If you’re on a generational trip and grandma and grandpa struggle a bit to get around, choose a park with quick transportation to whichever park you’re going to frequent the most so family members with variying needs can get back and forth quickly. Families with young children should consider staying on the Magic Kingdom side to zip over on the monorail for a day on the rides.

We opted to take the free shuttle bus from our hotel to Magic Kingdom, though walking to Epcot and then hopping on the monorail was also an option. If you have a park hopper pass, stay on the Epcot side and enjoy a quiet breakfast with the grandparents before heading to the Magic Kingdom or Hollywood Studios.

Epcot is typically less chaotic than the Magic Kingdom and there are fewer lines for rides like Three Caballeros in Mexico at the World Pavilion. My daughter loved the rides and wanted to get on something as quickly as possible. Once the kids have ridden a few things at Epcot like Finding Nemo, head over to the Kingdom for a snack and start exploring.

Grandparents can choose to stroll through Epcot and meet up later, or embrace themselves for an onslaught of Princess meet-and-greets, a splash through the Pirates of the Caribbean and checkout Tomorrow Land. Luckily the free old-fashioned train at Disney takes a spin around the park and makes stops at Frontierland, Fantasyland and Main Street. It makes for convenient transportation, and also a relaxing 20-minute ride if you want to escape the crowds for a few minutes.

If you’re on a budget and want to get the very best value for your money while still staying on resort, go the week after Labor Day or the first week of December. Not only are the lines less during these weeks, but costs are cheaper. If I had to encourage you to pick one, go during early Fall for the best Disney deals.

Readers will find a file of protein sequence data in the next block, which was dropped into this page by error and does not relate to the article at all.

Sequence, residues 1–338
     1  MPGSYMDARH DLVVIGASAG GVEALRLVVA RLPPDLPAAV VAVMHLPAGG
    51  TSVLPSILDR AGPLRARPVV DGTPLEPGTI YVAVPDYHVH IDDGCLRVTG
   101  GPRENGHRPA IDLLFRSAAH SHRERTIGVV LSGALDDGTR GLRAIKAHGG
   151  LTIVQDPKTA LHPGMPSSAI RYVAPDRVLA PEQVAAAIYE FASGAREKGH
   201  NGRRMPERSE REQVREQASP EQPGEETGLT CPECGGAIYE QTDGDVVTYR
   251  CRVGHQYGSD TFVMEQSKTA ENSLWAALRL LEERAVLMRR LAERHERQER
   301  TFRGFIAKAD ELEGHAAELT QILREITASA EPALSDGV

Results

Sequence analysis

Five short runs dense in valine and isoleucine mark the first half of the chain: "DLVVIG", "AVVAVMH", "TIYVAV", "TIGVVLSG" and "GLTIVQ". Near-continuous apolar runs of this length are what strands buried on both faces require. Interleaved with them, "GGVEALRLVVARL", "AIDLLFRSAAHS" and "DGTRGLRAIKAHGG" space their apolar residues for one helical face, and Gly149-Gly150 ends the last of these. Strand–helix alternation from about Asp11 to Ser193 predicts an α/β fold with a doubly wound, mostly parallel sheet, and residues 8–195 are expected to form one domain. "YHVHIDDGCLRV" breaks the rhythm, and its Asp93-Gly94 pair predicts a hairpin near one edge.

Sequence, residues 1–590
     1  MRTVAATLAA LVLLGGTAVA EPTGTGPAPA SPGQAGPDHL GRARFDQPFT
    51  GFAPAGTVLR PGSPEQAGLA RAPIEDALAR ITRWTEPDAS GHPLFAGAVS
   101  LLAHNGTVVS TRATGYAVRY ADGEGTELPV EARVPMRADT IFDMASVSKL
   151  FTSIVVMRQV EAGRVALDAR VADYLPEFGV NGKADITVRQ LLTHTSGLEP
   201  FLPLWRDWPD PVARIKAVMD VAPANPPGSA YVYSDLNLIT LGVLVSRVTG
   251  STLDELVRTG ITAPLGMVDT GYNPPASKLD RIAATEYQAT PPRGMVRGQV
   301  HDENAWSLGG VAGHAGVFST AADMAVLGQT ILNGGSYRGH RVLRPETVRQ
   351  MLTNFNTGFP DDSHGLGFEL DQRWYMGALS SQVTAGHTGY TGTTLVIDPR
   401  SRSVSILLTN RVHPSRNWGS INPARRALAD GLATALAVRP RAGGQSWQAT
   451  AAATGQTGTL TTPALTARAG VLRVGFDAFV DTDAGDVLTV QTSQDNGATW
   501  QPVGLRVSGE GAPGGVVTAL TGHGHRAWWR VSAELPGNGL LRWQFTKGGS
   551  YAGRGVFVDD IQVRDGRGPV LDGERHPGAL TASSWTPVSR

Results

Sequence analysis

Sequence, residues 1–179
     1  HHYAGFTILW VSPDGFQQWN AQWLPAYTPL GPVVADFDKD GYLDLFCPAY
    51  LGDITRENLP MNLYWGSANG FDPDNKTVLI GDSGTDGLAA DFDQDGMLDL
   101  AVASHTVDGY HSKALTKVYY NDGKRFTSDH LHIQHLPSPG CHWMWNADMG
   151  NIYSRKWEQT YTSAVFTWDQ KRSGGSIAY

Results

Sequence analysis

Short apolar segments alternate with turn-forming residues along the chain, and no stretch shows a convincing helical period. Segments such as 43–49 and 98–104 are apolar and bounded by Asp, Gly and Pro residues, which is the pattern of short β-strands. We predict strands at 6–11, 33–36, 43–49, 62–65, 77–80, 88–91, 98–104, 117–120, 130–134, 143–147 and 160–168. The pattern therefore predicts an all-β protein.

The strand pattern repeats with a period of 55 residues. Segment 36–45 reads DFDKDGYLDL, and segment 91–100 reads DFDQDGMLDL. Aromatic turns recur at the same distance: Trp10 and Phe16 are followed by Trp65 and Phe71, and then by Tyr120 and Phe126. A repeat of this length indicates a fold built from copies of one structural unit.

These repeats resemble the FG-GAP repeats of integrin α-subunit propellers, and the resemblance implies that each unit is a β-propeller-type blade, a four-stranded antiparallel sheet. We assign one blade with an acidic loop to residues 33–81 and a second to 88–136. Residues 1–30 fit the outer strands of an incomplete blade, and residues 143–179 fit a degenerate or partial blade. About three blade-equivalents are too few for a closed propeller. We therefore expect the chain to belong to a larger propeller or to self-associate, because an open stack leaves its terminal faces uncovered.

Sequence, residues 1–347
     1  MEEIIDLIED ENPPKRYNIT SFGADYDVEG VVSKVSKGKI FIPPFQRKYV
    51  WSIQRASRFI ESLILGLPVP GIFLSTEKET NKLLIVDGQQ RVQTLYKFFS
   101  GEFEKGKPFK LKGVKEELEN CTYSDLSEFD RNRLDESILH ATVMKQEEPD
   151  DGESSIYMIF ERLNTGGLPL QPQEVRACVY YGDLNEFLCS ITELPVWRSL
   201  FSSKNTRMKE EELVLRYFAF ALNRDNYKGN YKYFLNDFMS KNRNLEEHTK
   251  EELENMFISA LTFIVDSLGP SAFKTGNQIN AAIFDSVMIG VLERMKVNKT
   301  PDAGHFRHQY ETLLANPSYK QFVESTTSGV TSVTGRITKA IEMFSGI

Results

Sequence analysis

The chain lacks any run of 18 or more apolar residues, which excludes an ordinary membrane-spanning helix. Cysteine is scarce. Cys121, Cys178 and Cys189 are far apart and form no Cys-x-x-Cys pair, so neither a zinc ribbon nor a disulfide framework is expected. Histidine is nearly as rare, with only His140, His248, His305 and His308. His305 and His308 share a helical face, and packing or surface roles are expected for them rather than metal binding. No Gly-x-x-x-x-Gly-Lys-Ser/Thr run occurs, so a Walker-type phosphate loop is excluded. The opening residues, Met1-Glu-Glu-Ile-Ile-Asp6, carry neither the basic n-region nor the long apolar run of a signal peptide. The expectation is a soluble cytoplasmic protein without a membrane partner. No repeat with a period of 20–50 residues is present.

FastPass your way to the front of the lines

Waits for rides for grandparents and kids can be long (not to mention Mom and Dad), so download the My Disney Experience app and schedule yourself for limited Disney FastPass options.

Check the wait times on the app first before scheduling.There’s no point in using FastPass for a ride like It’s a Small World with lines shorter than 10 minutes. In our experience, lining up to meet Frozen Princesses Anna and Elsa followed by Cinderella (“Unabuna” as my daughter calls her) and Rapunzel was going to take 80 minutes per Princess duo. This is when FastPass is crucial and means the difference between missing a ride or experience altogether or waiting a mere 5 minutes.

FastPass is free, but it’s essential to book your experience in advance. Guests get three options per day at one theme park with one additional option (after you used up all 3) based on availability. You can change your FastPass requests on the go, but be aware it’s not always possible to get all three that you want in one day. For example, if you pick a character greeting with Elsa and Anna, your app will show you that option along with two others. You’ll typically have four scenarios to choose from. But you might end up with Elsa and Anna, Dumbo and Splash Mountain even if the latter wasn’t on the top of your list.

Quiet spots around Disney give grandparents some relief

My daughter hasn’t been much of a napper since she edged near 2-years-old (much to my dismay), and was never ready to leave the park. But she still desperately needed quiet time to unwind. Whether you’re a parent, kid or grandparent trying to have fun on the Flying Dumbo ride or just got off the Mine Train, a noonday stop is essential.

Use a break to your advantage to do some family bonding over some ice-cold drinks or Mickey ear ice crea. Or just give each other some space while kids go meet Mickey and Tinkerbell while grandparents shop on Main Street. We used the Disney Railroad as a way to get our daughter to sit and relax for nearly a half an hour while still being entertained by the stops.

For a quiet escape, take a raft from Adventureland to Tom Sawyer Island for shade and rocking chairs while the kids explore. The area around Liberty Square is also full of nooks and crannies with benches, and tends to have fewer crowds than the cluster around the castle. Of course, if a nearby show, parade or fireworks start, then your quiet slumber is going to turn into a party.  

Epcot has lots of opportunities for quiet spots. Just wander through the World Pavilion. At Epcot, try the United Kingdom courtyard for a garden-side rest with cobblestone walkways. There’s also a quiet garden at the China showcase with a Temple of Heaven replica.

A Disney gem: Fort Wilderness